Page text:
Bugs that look like flying termites. Bugs that look like flying termites. Flying termites can look like a number of flying insects that appear in and around homes.
Because you are likely not to see one at any given moment, the chances are there will be a time when you get something that looks like a flying termite but which is actually something else.
Only if you know about flying bugs such as white flies or fungus gnats when you might think yours is a winged termite.
Don’t worry because this guide will help inform you about three different types of flying insects that may look like winged termites, including identifying features for each type so that you’ll never misidentify a winged bug again.
Bugs That Look Like Flying Termites
Termite and ant taxonomy can be somewhat difficult to ascertain when you’re not quite sure how to tell the difference between termites and ants!
Despite their resemblance, ants are shorter in length than other insects in their family like termites and have six legs – whereas termites only have four.
Mayflies are winged insects that look like shrimp or small lobsters when they’re flying. But when they’re at rest, you can tell that they aren’t a specific type of bug because their tails are visible.
If you know what mayflies are then you might be able to identify them as bugs that swat flies with one swing of their mighty swatters. Mayflies gather on lighted surfaces.
This is where these bugs lay their eggs. The young remain in the water until they turn into adults.
When they’re now resting, they’ll embrace their wings together, and their abdomen becomes visible. Mayflies aren’t known to spread harmful diseases either.
They’re a key indicator of the ecosystem’s health. It’s because they stink so bad! Mayflies cannot survive in the environment if there are toxins in the water or poor air quality.
Take a deep breath and think about where you live; trees surrounding your home, fences and flowers blooming outside – if your area has these pleasant conditions, then you could be breathing some of the cleanest oxygen around.
They’re no different from any other flying bugs except for the fact that they are attracted to light and like to lay eggs in your garden.
Chances are that if you’ve bought larvae or eggs of these green lacewing, then once they turn into adults, they will help you protect the plants in your garden from unwanted pests.
Such as aphids, thrips, spider mites, whitefly, chiggers and mealybugs. Like flying termites, green lacewings do not swarm around in massive numbers but instead have four wings which are more or less the same length.
At least one of them has large eyes and a clubbed antennae consisting of five segments as well as three pairs of legs that serve as an additional pair of eyes.
It’s crucial to understand what attracts different bugs, especially green lacewing bugs, in order to prevent them from multiplying in one’s home or business.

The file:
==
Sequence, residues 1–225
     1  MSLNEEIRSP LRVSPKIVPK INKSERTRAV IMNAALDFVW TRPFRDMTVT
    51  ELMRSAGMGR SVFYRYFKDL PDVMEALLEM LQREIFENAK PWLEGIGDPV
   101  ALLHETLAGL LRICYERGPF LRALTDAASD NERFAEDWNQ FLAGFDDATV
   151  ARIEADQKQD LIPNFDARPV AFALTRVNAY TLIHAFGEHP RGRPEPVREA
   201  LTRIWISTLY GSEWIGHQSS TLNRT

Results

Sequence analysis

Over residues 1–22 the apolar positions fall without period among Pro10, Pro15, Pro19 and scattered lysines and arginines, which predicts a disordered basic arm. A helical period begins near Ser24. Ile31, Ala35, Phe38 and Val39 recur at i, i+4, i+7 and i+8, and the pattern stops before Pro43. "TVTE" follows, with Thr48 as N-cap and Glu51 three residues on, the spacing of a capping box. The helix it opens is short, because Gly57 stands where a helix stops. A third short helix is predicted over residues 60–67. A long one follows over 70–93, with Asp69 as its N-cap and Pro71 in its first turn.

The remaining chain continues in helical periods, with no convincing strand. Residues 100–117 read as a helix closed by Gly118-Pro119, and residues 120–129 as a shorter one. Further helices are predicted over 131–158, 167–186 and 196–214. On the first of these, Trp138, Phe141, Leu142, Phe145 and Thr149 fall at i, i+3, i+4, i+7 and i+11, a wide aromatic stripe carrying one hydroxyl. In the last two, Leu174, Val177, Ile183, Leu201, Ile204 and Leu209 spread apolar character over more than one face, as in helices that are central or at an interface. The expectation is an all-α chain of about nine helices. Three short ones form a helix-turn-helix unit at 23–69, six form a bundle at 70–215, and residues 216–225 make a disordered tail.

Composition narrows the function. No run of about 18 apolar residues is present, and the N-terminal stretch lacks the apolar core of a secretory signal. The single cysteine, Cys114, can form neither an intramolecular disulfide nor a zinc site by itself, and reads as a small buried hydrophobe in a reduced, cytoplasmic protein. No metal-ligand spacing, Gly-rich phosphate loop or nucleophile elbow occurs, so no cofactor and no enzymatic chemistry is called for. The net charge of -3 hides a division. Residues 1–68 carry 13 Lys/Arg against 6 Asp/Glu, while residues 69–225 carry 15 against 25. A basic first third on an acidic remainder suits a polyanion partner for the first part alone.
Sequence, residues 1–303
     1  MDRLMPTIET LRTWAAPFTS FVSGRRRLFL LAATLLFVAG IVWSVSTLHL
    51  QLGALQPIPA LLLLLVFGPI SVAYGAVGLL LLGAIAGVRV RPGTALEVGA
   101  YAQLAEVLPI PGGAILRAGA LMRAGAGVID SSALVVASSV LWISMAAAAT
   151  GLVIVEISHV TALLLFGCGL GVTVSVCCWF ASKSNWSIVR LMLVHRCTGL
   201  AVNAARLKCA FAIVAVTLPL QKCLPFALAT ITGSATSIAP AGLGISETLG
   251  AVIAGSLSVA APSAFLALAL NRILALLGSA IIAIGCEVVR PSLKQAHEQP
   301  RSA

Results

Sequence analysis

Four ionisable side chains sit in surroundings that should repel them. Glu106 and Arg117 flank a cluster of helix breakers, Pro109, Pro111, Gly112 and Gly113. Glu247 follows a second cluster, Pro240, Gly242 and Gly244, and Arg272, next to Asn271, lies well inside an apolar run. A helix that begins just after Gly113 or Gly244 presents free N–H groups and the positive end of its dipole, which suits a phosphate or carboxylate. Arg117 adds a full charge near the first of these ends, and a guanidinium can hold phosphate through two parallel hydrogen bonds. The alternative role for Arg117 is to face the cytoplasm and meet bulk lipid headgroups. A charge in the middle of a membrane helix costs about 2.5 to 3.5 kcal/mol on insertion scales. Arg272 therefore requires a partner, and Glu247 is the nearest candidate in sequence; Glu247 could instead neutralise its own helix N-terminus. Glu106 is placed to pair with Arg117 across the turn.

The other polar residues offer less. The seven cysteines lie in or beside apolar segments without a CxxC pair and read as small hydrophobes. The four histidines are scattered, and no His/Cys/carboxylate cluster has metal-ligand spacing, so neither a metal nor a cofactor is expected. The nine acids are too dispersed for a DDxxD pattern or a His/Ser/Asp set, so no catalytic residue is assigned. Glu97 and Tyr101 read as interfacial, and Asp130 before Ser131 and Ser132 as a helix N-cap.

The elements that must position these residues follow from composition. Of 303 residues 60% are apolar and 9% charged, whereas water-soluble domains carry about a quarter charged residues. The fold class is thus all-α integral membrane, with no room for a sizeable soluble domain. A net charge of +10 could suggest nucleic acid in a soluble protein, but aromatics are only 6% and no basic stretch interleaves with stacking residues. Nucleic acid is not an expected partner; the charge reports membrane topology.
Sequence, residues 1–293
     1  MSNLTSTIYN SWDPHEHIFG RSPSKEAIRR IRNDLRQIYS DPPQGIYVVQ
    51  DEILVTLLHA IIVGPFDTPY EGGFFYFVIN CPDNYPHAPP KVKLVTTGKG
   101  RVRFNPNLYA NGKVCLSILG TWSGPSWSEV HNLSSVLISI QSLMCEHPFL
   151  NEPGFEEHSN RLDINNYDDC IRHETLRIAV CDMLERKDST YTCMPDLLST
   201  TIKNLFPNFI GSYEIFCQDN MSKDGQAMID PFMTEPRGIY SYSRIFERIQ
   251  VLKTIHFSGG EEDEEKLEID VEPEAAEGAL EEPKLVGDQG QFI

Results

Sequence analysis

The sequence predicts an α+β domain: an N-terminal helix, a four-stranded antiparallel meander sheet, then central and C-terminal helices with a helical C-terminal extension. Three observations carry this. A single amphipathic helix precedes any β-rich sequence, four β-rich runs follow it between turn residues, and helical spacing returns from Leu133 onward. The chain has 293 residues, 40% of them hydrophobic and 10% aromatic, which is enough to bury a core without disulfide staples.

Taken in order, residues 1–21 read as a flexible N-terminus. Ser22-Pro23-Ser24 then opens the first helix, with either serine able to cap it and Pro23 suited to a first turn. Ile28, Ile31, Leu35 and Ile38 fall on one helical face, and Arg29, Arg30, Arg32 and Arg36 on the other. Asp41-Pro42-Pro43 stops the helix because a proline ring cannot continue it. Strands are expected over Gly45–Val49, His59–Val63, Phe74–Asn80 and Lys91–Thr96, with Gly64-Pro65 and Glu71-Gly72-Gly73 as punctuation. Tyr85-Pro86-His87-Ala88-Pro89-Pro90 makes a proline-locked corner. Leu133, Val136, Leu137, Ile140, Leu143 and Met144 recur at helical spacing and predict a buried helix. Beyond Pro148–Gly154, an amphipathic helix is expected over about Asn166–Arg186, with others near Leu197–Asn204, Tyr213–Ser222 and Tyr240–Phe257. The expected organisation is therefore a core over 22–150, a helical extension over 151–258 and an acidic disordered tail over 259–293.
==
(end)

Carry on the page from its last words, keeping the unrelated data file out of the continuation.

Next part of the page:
If a property has an inviting environment, then the natural phenomenon known as the green lacewing bug multiplication effect will take place and it may take some time and a little effort to get rid of the insects all together.
Unless you take a clear look at them, flying ants can be very hard to distinguish from flying termites. But there are some vital differences between the two creatures.
If you know what to look for in both of these creatures, it won’t be hard to spot the differences like an expert.
Like termites, they move in swarms looking for new wooden structures to lay eggs after mating.
Ants don’t bite (but their bites hurt worse than that of a termite) and instead use their pincers (termed “mandibles”) to tear through the wood and make their way into your home or commercial property.
Termite swarms have grown to approximately 3/8ths of an inch in size whereas flying ants only grow to about 1/4th of an inch long – it’s pretty easy to tell them apart once you see them side by side.
How to get a rid of Bugs That Look Like Flying Termites?
Three flying termite look-alikes are attracted to lights from the homes of people. The flying termites like being around lights inside and outside of a home.
So using the correct type of light in your house is crucial for preventing them from entering. Vapor lights and yellow bug lights don’t attract bugs and can help curb any that happen to show up by keeping them away from the areas closest to a building.
Such as doorways and windows near the foundation while they come in through a forgotten window or open door on the first floor in particular.
To keep bugs away from your home, take preventative steps such as installing window screens with no holes and making sure your yard is clean. Avoid water accumulation by repairing potholes in the road.
Flying ants that look like termites. Three bugs have a very similar appearance to flying termites and can be easily mistaken for them by the inexperienced observer.
The three bugs in question are the flying ant, mayfly, and green lacewing bug. In this guide you will find information that will differentiate between these three insects and their flying counterparts.
The distinctions will help you get rid of what could potentially lead to an infestation before it gets out of hand.